Still it has more moons than Earth, Mars, Venus and Mercury together 🙂
        What intrigues me is that all of them orbit Pluto in the same direction…do we know something about their spin orientation? I tought they were just captured by Pluto like Mars’ moons.

      • Torbjörn Larsson says

        The Pluto-Charon system is, I recently discovered but haven’t followed up on, thought to be a result of the same impactor process that created the Earth-Moon and the Mars-satellites systems.

        I see you refer to Mars’ moons as captured, but I believe that has been ruled out as too unlikely: same orbit direction, circular and equatorial orbits can’t be recreated by capture models. Conversely the deorbiting of Phobos and the discovery of several way elliptical impact scars around the equator is nicely predicted by impact-to-satellites models. (Only deorbiting satellites can create those impact remnants AFAIU.)

        Presumably the other Pluto moons are similar to Deimos and Phobos in not having reassembled, while Charon is similar to Moon as having been. [Yo, Ivan, I need help with the sentence construction here!]

      • Torbjörn Larsson says

        The Pluto-Charon system is, I recently discovered but haven’t followed up on, thought to be a result of the same impactor process that created the Earth-Moon and the Mars-satellites systems.

        I see you refer to Mars’ moons as captured, but I believe that has been ruled out as too unlikely: same orbit direction, circular and equatorial orbits can’t be recreated by capture models. Conversely the deorbiting of Phobos and the discovery of several way elliptical impact scars around the equator is nicely predicted by impact-to-satellites models. (Only deorbiting satellites can create those impact remnants AFAIU.)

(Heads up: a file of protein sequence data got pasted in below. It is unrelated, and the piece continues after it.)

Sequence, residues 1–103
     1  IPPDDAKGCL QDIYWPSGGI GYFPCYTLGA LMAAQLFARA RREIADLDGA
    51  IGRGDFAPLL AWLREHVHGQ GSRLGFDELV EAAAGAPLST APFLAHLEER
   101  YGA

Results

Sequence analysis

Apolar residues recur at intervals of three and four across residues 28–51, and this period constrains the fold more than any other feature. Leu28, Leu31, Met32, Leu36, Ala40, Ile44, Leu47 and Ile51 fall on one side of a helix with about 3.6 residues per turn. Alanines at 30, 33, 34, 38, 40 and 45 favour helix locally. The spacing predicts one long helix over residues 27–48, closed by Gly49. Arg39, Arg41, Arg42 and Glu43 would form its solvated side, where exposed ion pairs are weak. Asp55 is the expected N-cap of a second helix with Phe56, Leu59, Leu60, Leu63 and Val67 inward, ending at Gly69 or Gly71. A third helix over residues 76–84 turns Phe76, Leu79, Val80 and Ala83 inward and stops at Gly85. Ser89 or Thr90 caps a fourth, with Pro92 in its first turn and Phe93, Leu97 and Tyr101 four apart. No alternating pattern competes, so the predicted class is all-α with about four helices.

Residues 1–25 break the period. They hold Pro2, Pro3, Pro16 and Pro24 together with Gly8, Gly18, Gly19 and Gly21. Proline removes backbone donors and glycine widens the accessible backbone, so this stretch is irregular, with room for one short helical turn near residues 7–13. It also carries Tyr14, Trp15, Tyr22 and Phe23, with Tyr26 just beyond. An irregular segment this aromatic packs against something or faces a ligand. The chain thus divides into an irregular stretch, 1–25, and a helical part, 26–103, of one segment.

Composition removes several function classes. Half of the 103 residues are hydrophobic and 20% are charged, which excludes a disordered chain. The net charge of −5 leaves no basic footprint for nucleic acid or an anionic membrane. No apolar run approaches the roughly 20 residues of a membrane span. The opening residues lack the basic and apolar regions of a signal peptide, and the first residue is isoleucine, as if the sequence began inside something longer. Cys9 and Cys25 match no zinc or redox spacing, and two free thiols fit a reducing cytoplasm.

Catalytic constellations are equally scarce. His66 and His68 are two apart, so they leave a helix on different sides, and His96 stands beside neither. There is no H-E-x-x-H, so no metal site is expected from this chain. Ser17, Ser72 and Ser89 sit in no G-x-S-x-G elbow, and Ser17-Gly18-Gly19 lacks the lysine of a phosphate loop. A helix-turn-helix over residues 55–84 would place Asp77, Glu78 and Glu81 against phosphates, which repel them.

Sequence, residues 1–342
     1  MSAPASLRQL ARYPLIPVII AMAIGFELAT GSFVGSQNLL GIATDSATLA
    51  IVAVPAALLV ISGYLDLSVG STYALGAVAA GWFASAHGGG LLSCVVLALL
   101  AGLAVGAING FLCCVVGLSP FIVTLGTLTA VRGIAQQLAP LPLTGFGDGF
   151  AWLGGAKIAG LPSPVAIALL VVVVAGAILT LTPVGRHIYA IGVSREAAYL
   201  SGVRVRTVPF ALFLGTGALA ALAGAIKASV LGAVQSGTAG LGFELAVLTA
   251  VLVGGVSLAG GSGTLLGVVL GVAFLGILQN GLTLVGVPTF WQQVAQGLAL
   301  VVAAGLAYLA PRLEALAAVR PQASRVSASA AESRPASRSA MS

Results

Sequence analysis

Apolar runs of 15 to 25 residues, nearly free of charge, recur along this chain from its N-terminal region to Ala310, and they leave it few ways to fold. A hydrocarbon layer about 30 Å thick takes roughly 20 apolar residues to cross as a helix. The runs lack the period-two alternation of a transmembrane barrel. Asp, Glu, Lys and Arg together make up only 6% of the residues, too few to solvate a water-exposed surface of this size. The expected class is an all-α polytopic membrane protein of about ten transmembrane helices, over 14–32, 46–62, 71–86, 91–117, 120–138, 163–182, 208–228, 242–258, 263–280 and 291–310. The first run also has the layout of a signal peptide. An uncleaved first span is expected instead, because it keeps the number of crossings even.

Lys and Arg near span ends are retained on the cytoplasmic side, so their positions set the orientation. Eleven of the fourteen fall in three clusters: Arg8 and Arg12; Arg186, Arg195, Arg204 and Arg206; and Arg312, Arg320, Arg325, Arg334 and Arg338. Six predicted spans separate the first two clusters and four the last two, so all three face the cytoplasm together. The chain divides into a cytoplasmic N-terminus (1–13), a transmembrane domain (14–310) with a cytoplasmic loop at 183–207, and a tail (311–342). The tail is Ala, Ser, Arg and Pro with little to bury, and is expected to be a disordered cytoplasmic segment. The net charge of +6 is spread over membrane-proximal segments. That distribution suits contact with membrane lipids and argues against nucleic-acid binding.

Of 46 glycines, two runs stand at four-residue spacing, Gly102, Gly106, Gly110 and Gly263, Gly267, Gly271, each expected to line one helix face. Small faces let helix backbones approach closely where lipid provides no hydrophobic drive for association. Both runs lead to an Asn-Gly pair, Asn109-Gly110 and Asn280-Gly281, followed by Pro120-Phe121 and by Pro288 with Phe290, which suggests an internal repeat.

Presumably the other Pluto moons are similar to Deimos and Phobos in not having reassembled, while Charon is similar to Moon as having been. [Yo, Ivan, I need help with the sentence construction here!]

    • Ray Fowler says

      It is a dwarf planet. That seems like an extremely accurate description.

  4. Torbjörn Larsson says

    So this is the first mission that can be Nixed?

  5. Anonymous says

    Reminds me of the close call of Pioneer 11 as it passed through the Saturnian system back in 1979.

    From Wikipedia:

    “Pioneer 11 imaged and nearly collided with one of Saturn’s small moons, passing at a distance of no more than 4,000 kilometers (2,500 mi). The object was tentatively identified as Epimetheus, a moon discovered the previous day from Pioneer’s imaging, and suspected from earlier observations by Earth-based telescopes. After the Voyager flybys, it became known that there are two similarly-sized moons (Epimetheus and Janus) in the same orbit, so there is some uncertainty about which one was the object of Pioneer’s near-miss. Pioneer 11 encountered Janus on September 1, 1979 at 14:52 UTC at a distance of 2500 km and Mimas at 16:20 UTC the same day at 103000 km.”

    Hopefully no disastrous close calls befall New Horizons at Pluto!

  6. Ray Fowler says

    New Horizons is going to zip by so quickly and the odds are still slim of an impact, so I say just let NH skim as close to Pluto as practical and get as many great photos of it and Charon as possible!

  7. Prof. Michael O. Zimmermann Ph says

    Yeah, Pluto ceased to be a planet, and now we must decide the criteria for what constitutes a MOON… maybe the potato circling Mars should be called something else… ha ha.

    • Torbjörn Larsson says

      It has indeed been a discussion too AFAIK. Particularly here where the secondary body is so massive and the mutual center of gravity is outside the primary. The latter criteria has been used to strike the suggestion of Earth-Moon as a dual planet down (mutual center within Earth), but here it doesn’t apply.

      Of course, since the new planet criteria removes as much of the ambiguity on planets as is possible, these old moon criteria definitions has been voided.

    • Torbjörn Larsson says

      It has indeed been a discussion too AFAIK. Particularly here where the secondary body is so massive and the mutual center of gravity is outside the primary. The latter criteria has been used to strike the suggestion of Earth-Moon as a dual planet down (mutual center within Earth), but here it doesn’t apply.

      Of course, since the new planet criteria removes as much of the ambiguity on planets as is possible, these old moon criteria definitions has been voided.

  8. ITSRUF says

    What a good idea it is to follow the path that Charon already cleared out.

Leave a Reply